Apollo House supporters deliver letter to Department of Finance

Campaigners say 205 homeless people were helped or given shelter at office building over Christmas

Several hundred Apollo House supporters marched to the Department of Finance to call on Michael Noonan to use more NAMA owned buildings for social housing. Video: Enda O'Dowd


Housing activists marched to the Department of Finance on Tuesday to hand in a petition urging that the State asset agency make vacant housing available for homeless people.

Campaigners with the Home Sweet Home group published an open letter to Minister for Finance Michael Noonan calling on him to use his powers under the National Asset Management Agency Act “for social good”.

The letter was handed over by homeless people who have been living at Apollo House, a vacant office building on Poolbeg Street in Dublin city centre which is targeted for demolition and redevelopment.

Hundreds of people sang, played instruments and chanted along the route, with stewards in hi-vis vests directing the march safely through light city traffic.

“What do we want? Homes for the homeless. When do we want them? Now,” went the chant as the group wound its way up College Green.

A number of homeless people were visible in doorways wrapped in sleeping bags on Nassau Street as the protest passed.

Two of the activists, Carrie Hennessy and Niamh McDonald were surrounded by reporters and photographers as they handed in a letter to officials on the steps of the Department of Finance building on Merrion Street.

They said the country was facing a housing emergency and the Government was sitting on a bank of houses while people died on the streets.

Ms Hennessy, whose mother and aunt were in the crowd, told the story of her own experience of homelessness and of ending up in hostels with people smoking crack cocaine and taking heroin.

She feared ending up back on “the dreaded freephone” number for homeless people to ring to see if there was a bed available for them, she said.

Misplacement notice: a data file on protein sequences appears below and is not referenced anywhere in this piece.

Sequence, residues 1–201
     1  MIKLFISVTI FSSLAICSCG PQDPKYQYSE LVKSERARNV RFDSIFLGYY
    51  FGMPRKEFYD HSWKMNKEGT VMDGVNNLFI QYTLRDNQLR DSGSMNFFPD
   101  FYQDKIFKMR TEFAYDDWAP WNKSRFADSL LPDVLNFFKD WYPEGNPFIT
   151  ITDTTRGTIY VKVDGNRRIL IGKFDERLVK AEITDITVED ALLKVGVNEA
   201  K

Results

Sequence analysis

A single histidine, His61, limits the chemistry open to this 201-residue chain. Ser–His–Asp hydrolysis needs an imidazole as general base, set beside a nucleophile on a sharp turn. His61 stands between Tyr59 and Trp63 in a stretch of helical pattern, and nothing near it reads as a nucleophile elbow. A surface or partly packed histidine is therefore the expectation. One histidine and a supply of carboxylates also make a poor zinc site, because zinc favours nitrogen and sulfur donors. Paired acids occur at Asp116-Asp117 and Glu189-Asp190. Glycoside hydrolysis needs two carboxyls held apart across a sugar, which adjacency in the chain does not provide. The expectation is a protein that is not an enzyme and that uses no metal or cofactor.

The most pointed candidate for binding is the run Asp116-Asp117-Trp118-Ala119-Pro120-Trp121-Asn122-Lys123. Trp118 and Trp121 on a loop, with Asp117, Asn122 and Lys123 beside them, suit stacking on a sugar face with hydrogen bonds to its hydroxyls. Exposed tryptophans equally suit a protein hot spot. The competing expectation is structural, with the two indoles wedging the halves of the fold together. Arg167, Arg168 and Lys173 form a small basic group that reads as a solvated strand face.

“Anybody that’s homeless knows what this freephone is all about. You are spoken to like you are dog. You’re worse than a dog. You don’t get a bed. Most of the time you don’t even get a sleeping bag anymore.”

There were nine other families in the B&B she had ultimately ended up in and she felt she was in the way of parents and their children when they needed to cook or do washing, she said. She spent all her time in her room and stored her food in a box under her bed, she said.

“This is not living. It’s just existing. I can’t remember the last time I woke up beside my partner because he’s not allowed stay.”

Home Sweet Home said the State had obligations under EU and international law to provide social housing for all the people in the Republic who were in need of a roof over their heads.

This included those who were sleeping rough, those in emergency accommodation or who had been evicted, those who had had their homes repossessed or who were unable to afford the “exorbitant” prices currently being charged in the private rental market.


In a statement on Tuesday afternoon, the Department of Finance confirmed receipt of the campaigners’ letter but said the Government was aware of the powers of Nama under the 2009 legislation.

“Nama has already been active in this space and have offered almost 7,000 units to local authorities for use as social housing. Nama advise that of these local authorities have taken up c. 2,400 units for social housing use,” the department said in a statement.

“Nama also has plans to facilitate the delivery of 20,000 private residential units on sites securing its loans in Dublin and its surrounds in the period to 2020.”

The department said the agency was “ well on its way to deliver on that target and from Q1 2014 to December 2016 have facilitated the delivery of 4,500”.

“The associated 10 per cent social housing delivered on such sites should not be forgotten and is a further meaningful contribution to addressing shortages. This initiative highlights how Nama can advance its commercial mandate whilst also being mindful of ancillary social objectives.”

The department said the availability of housing was “the key priority for government and has been the focus of a number of measures introduced under the Government’s Rebuilding Ireland Plan”.

Home Sweet Home said Apollo House had provided shelter to 40 people and helped a further 205 people access shelter over the Christmas period, many of whom would have otherwise been sleeping on the streets.

The activists and residents have been directed by the High Court to leave the property by January 11th.

In a case brought by the joint receivers of the building, Mr Justice Paul Gilligan ruled the coalition of activists and homeless people involved in the occupation were trespassing.

Rosi Leonard of Home Sweet Home said the group hoped to have confirmation by January 11th that the needs of all those currently accommodated at Apollo House had been catered for.

If this was not the case, the group would be asking the Government why it was willing to allow 40 people sleep on the streets, she added.